Ocean acidification around the UK and Ireland


What is already happening

  • Atmospheric CO2 exceeded 414 ppm in 2021 and has continued to increase by approximately 2.4 ppm per year over the last decade. The global ocean absorbs approximately a quarter of anthropogenic carbon dioxide (CO2) emissions annually.
  • The North Atlantic Ocean contains more anthropogenic CO2 than any other ocean basin, and surface waters are experiencing an ongoing decline in pH (increasing acidity). Rates of acidification in bottom waters are occurring faster at some locations than in surface waters.
  • Some species are already showing effects from ocean acidification when exposed to short-term fluctuations and could be used as indicator species for long-term impacts on marine ecosystems.

What could happen in the future

  • Models project that the average continental shelf seawater pH will continue to decline to year 2050 at similar rates to the present day, with rates then increasing in the second half of the century, depending on the emissions scenario.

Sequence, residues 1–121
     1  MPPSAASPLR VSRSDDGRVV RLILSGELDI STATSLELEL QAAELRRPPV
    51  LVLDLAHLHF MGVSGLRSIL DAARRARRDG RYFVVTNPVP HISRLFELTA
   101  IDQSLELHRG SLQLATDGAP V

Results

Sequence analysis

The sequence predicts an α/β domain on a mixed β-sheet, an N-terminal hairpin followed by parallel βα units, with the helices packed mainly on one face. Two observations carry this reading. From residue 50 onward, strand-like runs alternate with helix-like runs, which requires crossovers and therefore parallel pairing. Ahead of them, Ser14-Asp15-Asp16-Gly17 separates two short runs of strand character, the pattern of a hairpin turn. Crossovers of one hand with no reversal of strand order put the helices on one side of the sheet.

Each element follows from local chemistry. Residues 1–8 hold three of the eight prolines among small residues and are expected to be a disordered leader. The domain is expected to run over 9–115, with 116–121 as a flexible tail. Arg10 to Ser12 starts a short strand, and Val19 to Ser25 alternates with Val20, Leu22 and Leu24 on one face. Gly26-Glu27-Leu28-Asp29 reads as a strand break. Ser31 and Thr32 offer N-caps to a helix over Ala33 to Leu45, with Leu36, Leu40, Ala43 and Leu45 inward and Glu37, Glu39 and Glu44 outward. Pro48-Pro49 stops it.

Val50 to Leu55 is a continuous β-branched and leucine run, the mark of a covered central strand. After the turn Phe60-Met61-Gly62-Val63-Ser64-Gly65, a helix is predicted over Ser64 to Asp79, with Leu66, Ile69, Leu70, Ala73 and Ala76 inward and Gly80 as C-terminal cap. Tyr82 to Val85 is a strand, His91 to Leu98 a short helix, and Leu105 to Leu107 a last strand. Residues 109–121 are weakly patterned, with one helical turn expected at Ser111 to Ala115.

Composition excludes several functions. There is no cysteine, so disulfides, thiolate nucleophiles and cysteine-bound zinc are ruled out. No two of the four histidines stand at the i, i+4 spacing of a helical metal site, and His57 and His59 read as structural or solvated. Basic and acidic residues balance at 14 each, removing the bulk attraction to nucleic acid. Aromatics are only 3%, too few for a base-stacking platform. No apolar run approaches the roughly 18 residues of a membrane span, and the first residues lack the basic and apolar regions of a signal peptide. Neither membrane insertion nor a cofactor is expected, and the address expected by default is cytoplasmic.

• The rate of pH decline in coastal areas is projected to be faster in some areas (e.g. Bristol Channel) than others, such as the Celtic Sea.
  • Under high-emission scenarios, it is projected that bottom waters on the North-West European Shelf seas will become corrosive to more soluble forms of calcium carbonate (aragonite). Episodic undersaturation events are projected to begin by 2030.
  • By 2100, up to 90% of the north-west European shelf seas may experience undersaturation for at least one month of each year.
  • High levels of nearshore variability in carbonate chemistry may mean that some coastal species have a higher adaptative capacity than others. However, all species are at increased risk from extreme exposure episodes.

Findlay H.S., Artoli Y., Birchenough S.N.R., Hartman S., León P. and Stiasny M., in press. Climate change impacts on ocean acidification relevant to the UK and Ireland. MCCIP Science Review. Article.

  • Reset


OA-ICC Highlights

%d bloggers like this: